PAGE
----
Squash is the ultimate Thanksgiving food, not turkey. So says Chris Kimball, host of the PBS showAmerica's Test Kitchen.
"Of all the things they served in that first Thanksgiving, there might not have been turkey," Kimball says. Early revelers may have dined on small birds or venison. "The one thing we know they did have was squash. So, if you want to go back to the first Thanksgiving, this is the item to start with."
NPRcontinues a series of conversations about The Race Card Project,where thousands of people have submitted their thoughts on race and cultural identity in six words. Every so often NPR Host/Special Correspondent Michele Norris dips into those stories to explore issues surrounding race and cultural identity forMorning Edition.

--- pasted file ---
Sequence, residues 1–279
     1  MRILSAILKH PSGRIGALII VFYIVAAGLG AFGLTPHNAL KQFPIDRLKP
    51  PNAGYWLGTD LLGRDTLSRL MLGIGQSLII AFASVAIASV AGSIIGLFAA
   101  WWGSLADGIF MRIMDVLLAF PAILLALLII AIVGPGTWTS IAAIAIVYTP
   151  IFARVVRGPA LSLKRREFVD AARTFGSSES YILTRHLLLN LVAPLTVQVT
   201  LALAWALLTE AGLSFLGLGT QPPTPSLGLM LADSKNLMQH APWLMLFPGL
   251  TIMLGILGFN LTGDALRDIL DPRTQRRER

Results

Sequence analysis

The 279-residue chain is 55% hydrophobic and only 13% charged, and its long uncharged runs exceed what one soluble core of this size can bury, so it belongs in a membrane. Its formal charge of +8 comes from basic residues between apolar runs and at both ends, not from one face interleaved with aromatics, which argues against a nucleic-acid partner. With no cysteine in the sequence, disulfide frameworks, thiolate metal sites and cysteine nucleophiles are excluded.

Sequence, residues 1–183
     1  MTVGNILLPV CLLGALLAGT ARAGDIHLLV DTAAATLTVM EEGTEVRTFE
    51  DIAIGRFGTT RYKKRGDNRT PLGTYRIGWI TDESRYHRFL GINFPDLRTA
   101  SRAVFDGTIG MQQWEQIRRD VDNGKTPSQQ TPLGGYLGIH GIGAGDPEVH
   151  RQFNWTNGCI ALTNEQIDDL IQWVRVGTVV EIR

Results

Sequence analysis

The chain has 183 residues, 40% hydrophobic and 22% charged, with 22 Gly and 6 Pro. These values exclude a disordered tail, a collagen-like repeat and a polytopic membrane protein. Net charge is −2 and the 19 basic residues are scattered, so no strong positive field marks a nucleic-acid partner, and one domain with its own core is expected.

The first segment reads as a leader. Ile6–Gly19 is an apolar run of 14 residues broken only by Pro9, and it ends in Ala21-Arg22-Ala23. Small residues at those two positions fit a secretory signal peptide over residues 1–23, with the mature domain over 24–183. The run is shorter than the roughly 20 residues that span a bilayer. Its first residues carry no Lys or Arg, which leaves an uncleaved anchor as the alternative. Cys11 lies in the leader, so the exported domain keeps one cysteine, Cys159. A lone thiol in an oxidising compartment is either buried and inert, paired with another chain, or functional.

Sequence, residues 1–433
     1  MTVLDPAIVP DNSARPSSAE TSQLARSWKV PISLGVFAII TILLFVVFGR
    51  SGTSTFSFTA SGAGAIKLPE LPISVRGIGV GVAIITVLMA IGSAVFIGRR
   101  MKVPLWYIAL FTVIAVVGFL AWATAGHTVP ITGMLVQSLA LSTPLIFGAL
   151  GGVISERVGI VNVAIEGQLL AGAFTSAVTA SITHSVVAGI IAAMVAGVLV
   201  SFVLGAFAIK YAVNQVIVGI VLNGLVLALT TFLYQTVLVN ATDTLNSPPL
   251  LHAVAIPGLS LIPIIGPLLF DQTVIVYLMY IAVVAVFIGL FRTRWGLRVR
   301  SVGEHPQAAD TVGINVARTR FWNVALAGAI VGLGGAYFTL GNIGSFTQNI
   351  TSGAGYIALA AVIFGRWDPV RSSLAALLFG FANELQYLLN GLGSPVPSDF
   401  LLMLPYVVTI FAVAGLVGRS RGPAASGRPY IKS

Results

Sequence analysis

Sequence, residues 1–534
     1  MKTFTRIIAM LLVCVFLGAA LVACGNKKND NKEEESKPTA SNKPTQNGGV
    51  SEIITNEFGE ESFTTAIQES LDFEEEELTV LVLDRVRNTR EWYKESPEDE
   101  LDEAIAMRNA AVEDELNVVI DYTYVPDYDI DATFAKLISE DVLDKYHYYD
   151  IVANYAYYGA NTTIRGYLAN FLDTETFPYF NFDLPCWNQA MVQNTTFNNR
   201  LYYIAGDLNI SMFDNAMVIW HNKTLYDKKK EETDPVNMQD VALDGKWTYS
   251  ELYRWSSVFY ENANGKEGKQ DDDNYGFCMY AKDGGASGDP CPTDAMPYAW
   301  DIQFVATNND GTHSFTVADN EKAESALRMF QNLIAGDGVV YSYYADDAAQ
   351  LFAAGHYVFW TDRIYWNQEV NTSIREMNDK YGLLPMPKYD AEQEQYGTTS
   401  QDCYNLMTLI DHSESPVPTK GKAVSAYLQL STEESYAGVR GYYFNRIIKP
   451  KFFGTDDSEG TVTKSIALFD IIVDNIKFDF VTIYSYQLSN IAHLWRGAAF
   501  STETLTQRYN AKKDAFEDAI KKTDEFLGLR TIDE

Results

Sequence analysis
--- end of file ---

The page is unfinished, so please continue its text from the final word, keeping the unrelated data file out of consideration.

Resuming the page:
The wild-game supper has traditionally been a way for rural America to share the harvest before winter sets in. Food historians trace the ritual back to Colonial times, when families had to hunt in order to eat well, and some providers were better shots than others.
Originally published on Wed November 27, 2013 10:37 am
Ah, the old beer-tapping prank: One strong hit on the top of an open beer bottle, and poof! Your IPA explodes into a brewski volcano.
"In one second, most of your beer has really turned into foam," says physicist Javier Rodriguez Rodriguez of Carlos III University in Madrid. "You better have put the bottle into your mouth, because you need to drink whatever is coming out."